The Daily Item, Sunbury, PA

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June 27, 2011

Lewisburg graduate volunteers with ProNica

LEWISBURG — Hannah Bowen thought she knew the definition of the word poor before she spent nine months in Nicaragua.

About 25 percent of the 6 million people living in the second poorest country in Latin America struggle to survive on less than $1 a day, and the 2010 Lewisburg Area High School graduate wanted to find out why.

Bowen, 19, of Lewisburg, recently returned home from her trip, and she shared her experiences with about two dozen people on Sunday in St. Andrew’s Episcopal Church, Route 15.

“I wanted to go because even though I knew what poverty was, I wanted to see it up close,” Bowen said. “I needed to experience it.”

She decided to become a volunteer for ProNica, a Quaker organization that supports women’s groups with a focus on sexual and reproductive health and domestic violence and works with children living in Nicaragua’s garbage dumps and back alleys. That’s when she met ProNica programs coordinator Lillian Hall, of Arizona, who has traveled to Nicaragua since 1982.

“She was brave for making the trip to witness the poverty of the country,” Hall said Sunday. “I applaud her for taking the experience back home to Lewisburg and sharing it.”

Bowen explained what she did for nine months and what she saw.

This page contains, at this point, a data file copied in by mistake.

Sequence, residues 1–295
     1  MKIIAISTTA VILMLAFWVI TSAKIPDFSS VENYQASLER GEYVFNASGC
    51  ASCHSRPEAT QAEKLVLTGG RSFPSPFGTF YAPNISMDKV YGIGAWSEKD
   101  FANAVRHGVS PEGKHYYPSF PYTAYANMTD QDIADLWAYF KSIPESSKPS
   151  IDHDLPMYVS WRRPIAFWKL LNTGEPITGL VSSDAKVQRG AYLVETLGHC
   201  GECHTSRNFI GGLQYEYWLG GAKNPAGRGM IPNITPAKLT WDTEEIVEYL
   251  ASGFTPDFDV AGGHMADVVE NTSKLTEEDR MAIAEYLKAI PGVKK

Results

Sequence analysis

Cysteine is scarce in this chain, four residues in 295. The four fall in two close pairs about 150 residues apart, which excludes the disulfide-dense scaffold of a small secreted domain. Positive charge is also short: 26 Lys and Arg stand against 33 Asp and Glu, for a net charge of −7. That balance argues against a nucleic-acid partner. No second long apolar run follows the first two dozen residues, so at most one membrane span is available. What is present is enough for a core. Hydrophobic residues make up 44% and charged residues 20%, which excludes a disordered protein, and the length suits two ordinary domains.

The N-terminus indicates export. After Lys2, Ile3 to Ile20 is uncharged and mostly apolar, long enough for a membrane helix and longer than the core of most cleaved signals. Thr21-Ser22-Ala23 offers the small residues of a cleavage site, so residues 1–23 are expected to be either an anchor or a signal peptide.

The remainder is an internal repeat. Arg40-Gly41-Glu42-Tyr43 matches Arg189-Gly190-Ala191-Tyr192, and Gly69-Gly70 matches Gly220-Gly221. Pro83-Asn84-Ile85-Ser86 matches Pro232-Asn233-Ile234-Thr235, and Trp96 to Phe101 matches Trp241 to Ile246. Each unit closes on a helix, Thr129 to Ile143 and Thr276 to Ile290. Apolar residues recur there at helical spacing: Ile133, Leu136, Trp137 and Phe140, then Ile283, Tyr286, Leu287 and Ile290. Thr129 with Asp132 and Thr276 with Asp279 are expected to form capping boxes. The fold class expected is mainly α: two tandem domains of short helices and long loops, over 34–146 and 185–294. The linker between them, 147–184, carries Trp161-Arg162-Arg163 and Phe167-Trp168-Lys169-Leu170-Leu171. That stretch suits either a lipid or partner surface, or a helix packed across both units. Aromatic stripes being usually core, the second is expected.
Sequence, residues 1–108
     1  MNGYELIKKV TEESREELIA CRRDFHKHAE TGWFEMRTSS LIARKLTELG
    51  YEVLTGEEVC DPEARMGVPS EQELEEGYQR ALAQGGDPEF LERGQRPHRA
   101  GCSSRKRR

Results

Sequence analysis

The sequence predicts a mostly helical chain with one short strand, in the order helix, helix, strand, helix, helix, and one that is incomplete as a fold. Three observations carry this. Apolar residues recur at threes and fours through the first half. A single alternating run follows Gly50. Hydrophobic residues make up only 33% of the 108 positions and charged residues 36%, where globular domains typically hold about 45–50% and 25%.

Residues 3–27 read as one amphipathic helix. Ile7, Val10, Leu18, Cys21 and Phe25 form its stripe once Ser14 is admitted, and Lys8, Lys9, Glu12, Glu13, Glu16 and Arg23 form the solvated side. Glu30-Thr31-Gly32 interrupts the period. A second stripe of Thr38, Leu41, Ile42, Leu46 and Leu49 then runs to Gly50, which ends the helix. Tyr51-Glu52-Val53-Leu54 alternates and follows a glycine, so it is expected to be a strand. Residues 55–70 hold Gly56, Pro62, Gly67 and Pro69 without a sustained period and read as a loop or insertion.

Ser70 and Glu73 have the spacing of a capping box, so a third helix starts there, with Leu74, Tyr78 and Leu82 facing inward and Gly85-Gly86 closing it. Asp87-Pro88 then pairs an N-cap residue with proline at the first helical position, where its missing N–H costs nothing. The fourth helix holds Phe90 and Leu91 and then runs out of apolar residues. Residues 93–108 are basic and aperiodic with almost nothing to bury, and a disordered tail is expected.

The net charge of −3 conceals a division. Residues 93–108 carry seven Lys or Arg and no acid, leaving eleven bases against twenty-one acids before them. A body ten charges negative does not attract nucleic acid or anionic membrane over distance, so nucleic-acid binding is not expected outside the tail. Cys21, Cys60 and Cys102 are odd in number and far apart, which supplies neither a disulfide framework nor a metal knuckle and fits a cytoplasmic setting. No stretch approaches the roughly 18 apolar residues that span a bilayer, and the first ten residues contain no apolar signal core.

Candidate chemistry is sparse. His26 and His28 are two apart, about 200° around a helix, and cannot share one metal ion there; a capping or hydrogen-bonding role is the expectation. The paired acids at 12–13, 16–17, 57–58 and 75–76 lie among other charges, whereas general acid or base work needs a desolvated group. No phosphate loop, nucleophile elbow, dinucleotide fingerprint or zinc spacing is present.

“Well, I got to see someone wake up and work and sweat because of a full day’s work,” she said. “It was an eye-opener.”

“Growing up here in the Valley is complicated, and you feel like you can’t focus on things sometimes. But to be honest, being in Nicaragua and working hard and seeing the people I work with become my friends was so insightful.”

Bowen lived with a host family and worked on an organic coffee farm.

“I was there every day working right next to others,” she said. “I got to learn Spanish while I worked, and I got to really see how hard this really is for them.”

No one complained, they just laughed and joked while they worked, Bowen said.

“I made a human connection with these people,” she said. “Clearing a field with a machete and laughing with fellow workers all day was really amazing to experience.”

Nicaragua is known for people living in garbage dumps and waiting for trucks to drop off trash, so they can pick through it and find clothes and food, Bowen said.

“The people may be poor but they are rich in spirit,” she said.

Bowen visited and spoke with families during the trip and said she even helped raise a bit of money for the organization.

“I started to teach yoga classes,” she said. “I told people that if they could make a donation where it would go.”

In the fall, Bowen will attend Bucknell University, but she said she already has gained an education.

“I had an idea of what poverty is like, but when I saw people in the garbage dumps and just how poor they really are, it all became very real,” she said. “I went through growth and change.”

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